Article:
Epidemiology of Zika

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Purpose of review

Zika virus (ZIKV) is the latest ’emerging virus’ that has affected the Americas. First identified in the mid-20th century in Uganda, it was described as a vector arthropod-borne virus (arbovirus) and subsequently found capable of producing illness in humans. The illness was not different from other flavivirus infections and caused a relatively mild disease characterized by low-grade fever, nonspecific exanthem, nonpurulent conjunctivitis, and mild to moderate arthralgia. It was capable of producing infections described as sporadic isolated cases; in 2007, it was confirmed as the pathogen causing the first known ZIKV epidemic subsequently associated with congenital neonatal microcephaly in many countries in the Americas.

Recent findings

It rapidly spread to other countries in the Americas and, as of September 2016, it has been detected in 46 countries and territories. Different from other flavivirus infections, ZIKV has proven to be related to more serious complications. These include Guillain–Barré syndrome and neonatal congenital malformations, which includes microcephaly and neurologic damage to the developing fetus, particularly if the maternal infection occurs early in pregnancy. These two complications are a cause of great concern.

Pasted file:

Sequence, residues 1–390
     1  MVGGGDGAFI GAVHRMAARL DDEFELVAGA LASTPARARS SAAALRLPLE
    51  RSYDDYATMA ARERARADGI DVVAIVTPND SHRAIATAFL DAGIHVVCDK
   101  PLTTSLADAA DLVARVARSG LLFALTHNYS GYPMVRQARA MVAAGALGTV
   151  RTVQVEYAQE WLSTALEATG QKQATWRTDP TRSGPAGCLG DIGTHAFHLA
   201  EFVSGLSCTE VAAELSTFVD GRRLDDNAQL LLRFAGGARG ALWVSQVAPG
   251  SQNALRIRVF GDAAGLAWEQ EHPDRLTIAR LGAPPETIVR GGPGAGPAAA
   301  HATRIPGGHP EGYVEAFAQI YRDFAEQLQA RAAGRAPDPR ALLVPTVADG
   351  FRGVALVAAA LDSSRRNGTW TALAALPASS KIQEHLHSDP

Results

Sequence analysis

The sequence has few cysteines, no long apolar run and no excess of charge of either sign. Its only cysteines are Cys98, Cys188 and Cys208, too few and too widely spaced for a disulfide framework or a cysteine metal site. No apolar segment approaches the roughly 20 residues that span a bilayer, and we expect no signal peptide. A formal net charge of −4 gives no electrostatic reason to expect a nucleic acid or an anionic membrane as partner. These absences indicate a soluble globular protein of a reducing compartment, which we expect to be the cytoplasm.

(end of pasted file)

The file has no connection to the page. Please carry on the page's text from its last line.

It is pivotal to conduct epidemiological laboratory-based surveillance and studies on the virus’ inherent characteristics to understand the pathophysiology of this infection and develop adequate strategies to mitigate this new threat.

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